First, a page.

So, just to show that I don’t think I know it all and am as generous as Don Wakamatsu was with Snell in last night’s fifth inning, let’s throw in, for this one time only, an extra 1,500 fans to our count. I know Billy Beane is a numbers guy and don’t want him feeling shortchanged here.
So, that gives us a grand total of…3,546 fans! I’ll tell you what, they’re making the same noise tonight as a crowd of, well, of about 248 to be honest. Actually, they just announced the official attendance as 11,738. Predictable, or what? I think our method of counting is a lot more accurate.

8:58 p.m.: You won’t see that very often. Franklin Gutierrez nearly made one of his highlight reel catches in the seventh inning. But the warning track blast by Nomar Garciaparra tipped off his glove and deflected over the wall, That’s a two-run homer folks. It’s now a 4-3 game, the Mariners in the lead. But hang on. Could be a much closer finish than it should have been.
The Mariners let Clayton Mortensen stick around for seven innings, 100 pitches, which is unreal considering they nearly ran him out of the building by the second or third. They had just two hits off him after the second and swung away into too many quick outs.
8:39 p.m.: Make that 11 in a row retired by Ryan Rowland-Smith, who still has a 4-1 lead as we head to the seventh inning. Rowland-Smith is doing what he does best. He’s letting the hitters make contact, but it’s weak contact. He isn’t trying to strike everybody out. He only has two strikeouts so far and none since the fourth inning. Instead, he’s allowing his fielders to make plays behind him — and they’re making some good ones. including shortstop Jack Wilson on that final out of the sixth.
Ichiro just led off the sixth with a single. So, that’s four to go to reach 2,000.
8:04 p.m.: Ryan Rowland-Smith began doing an Ian Snell impersonation with his big lead in the third inning and it nearly cost him. He yielded a leadoff ground-rule double to Ryan Sweeney, then, after a groundout, an RBI double by Adam Kennedy. That made it a 4-1 game, the M’s still in the lead. It could have gotten worse, but Rajai Davis’s screaming liner went right into the glove of first baseman Rob J…uh. John Vander…no, uh, Mike Carp. Kurt Suzuki then bounced one to Jose Lopez’s right that the second baseman had to range hard to his right for before throwing the runner out. Nice play.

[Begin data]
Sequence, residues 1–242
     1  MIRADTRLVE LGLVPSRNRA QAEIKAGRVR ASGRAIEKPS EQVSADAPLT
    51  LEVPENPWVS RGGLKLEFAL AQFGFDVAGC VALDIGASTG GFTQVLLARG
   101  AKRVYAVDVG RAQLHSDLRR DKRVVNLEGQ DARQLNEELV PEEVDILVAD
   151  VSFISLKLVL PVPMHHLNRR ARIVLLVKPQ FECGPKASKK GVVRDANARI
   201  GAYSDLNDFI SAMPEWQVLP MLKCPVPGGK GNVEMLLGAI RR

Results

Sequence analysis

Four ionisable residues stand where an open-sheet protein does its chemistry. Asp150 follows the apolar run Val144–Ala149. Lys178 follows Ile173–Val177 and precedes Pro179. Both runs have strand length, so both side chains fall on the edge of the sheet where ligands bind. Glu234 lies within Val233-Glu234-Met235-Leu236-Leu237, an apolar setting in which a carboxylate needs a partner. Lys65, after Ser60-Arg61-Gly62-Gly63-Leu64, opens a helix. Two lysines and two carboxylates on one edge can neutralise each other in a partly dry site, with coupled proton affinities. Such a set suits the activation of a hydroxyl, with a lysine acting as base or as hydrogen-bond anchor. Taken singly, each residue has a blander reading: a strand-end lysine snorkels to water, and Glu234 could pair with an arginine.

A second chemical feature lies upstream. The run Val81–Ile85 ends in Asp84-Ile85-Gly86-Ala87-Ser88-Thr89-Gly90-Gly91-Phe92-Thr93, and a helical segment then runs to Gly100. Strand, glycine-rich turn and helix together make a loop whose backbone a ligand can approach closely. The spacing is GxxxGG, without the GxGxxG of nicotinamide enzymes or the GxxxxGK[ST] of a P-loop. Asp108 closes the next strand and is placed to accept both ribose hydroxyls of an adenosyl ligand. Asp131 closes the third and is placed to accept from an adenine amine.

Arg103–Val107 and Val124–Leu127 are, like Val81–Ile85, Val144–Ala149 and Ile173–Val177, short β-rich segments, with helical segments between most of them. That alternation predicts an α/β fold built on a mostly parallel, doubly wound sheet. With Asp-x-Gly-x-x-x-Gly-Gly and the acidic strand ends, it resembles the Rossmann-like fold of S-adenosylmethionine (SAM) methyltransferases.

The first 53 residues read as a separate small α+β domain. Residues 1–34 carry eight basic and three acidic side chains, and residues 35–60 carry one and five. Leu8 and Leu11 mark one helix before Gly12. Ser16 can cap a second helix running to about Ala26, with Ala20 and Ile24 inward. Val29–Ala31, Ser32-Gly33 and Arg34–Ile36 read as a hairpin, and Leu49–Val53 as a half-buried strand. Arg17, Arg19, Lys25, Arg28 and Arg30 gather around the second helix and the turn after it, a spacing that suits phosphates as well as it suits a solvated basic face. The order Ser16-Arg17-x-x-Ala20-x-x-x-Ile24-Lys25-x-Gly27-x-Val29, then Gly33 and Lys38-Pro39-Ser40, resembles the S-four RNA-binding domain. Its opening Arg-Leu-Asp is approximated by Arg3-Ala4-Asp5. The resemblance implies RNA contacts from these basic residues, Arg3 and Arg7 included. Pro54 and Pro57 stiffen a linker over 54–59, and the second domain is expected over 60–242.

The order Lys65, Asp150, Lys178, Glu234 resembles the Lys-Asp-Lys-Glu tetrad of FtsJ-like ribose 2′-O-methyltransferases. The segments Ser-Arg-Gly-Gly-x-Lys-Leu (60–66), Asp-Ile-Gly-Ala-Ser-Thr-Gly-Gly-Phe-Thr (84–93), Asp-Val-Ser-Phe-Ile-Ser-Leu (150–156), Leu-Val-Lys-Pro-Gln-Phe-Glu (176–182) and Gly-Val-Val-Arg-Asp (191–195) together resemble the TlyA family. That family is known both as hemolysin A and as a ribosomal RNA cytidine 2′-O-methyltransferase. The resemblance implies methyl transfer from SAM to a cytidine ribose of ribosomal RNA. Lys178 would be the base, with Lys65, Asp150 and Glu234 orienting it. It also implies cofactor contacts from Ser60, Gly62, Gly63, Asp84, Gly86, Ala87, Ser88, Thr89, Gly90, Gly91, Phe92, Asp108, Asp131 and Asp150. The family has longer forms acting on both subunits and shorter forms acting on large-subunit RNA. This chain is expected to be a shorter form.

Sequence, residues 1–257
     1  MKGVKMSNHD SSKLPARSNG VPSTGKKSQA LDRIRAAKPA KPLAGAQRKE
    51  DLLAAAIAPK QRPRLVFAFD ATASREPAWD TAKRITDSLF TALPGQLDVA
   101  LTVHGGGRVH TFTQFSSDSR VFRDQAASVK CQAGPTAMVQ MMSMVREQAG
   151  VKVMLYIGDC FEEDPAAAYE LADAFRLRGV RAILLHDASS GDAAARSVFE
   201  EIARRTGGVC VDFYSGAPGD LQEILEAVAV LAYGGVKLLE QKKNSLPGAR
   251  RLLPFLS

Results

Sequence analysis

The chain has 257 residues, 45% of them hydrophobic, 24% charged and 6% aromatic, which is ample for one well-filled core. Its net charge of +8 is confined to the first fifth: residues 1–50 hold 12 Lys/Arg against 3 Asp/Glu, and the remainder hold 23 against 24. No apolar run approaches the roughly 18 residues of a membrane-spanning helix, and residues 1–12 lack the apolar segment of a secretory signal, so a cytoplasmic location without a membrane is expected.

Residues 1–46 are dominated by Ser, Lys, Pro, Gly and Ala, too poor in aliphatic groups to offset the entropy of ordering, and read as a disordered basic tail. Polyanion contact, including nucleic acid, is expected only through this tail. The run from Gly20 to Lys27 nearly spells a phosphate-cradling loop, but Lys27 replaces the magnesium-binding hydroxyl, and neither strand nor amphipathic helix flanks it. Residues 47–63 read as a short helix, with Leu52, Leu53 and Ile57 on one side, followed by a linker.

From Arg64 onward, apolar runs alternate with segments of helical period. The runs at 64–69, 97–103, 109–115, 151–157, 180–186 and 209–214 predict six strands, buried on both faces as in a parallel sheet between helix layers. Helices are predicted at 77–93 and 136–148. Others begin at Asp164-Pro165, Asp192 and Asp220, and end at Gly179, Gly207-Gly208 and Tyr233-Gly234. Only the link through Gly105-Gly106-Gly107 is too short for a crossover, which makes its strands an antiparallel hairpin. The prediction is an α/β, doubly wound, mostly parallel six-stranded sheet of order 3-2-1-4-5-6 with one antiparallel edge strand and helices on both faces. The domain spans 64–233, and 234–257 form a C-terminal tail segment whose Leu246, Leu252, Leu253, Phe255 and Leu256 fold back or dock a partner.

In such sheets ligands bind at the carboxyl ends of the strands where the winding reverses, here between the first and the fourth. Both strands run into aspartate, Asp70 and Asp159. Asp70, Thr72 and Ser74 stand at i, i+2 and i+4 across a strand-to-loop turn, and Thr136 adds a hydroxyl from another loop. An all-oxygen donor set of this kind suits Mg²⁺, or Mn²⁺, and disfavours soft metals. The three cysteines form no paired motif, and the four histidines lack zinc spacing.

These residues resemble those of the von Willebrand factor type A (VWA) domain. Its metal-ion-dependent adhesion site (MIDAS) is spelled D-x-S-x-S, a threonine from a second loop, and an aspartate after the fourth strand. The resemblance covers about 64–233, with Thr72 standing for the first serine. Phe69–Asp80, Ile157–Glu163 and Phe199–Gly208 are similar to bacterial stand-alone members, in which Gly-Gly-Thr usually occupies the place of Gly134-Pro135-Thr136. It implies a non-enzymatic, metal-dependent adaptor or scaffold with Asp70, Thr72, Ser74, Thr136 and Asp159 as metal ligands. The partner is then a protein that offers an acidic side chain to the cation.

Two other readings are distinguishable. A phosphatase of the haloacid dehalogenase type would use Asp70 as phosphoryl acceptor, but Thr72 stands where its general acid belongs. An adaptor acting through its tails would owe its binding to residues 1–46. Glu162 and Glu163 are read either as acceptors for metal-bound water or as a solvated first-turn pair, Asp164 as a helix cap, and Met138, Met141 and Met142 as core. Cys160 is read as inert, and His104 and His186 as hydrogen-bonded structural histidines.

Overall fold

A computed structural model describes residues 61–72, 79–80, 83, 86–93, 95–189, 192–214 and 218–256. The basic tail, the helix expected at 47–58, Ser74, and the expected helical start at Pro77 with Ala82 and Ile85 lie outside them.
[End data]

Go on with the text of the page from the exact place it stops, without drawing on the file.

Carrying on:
7:44 p.m.: Ran into a media friend from Oakland here in the pressbox just before gametime and asked for a scouting report on pitcher Clayton Mortensen.
“Not very good,” was the answer I got.
Turns out it was bang-on as a scouting assessment. Mortensen got the first two outs of the second inning. then did what not-very-good major league pitchers do. He panicked at the first sign of trouble and stopped throwing strikes, then let a bunch of hitters pull some rip-jobs off him into left field. Seattle scored four runs in that inning and now leads 4-0.
Bill Hall got the rally started with a two-out double to left. Mortensen then walked Mike Carp (looks like Rob Johnson, no?) and Kenji Johjima (!?) back-to-back to load ’em up. Jack Wilson singled up the middle for the first two runs, Ichiro slapped one the other way to left for a third run and Franklin Gutierrez singled to left for the fourth marker. The inning ended with Jose Lopez smoking a liner into the third baseman’s glove.
Ichiro now needs five more hits for 2,000. Mortensen needs five more weeks in AAA.
7:07 p.m.: Ryan Rowland-Smith tries to continue his string of impressive outings against Class AAA call-up Clayton Mortensen, who got rocked by the Royals his first and only major league outing, giving him the interesting line of 0-1, 18.00.